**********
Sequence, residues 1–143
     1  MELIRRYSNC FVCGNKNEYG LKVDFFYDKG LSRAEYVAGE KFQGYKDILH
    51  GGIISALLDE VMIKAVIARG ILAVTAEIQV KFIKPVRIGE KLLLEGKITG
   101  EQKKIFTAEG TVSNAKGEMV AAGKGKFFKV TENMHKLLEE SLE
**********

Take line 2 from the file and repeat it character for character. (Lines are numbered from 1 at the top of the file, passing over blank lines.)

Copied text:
     1  MELIRRYSNC FVCGNKNEYG LKVDFFYDKG LSRAEYVAGE KFQGYKDILH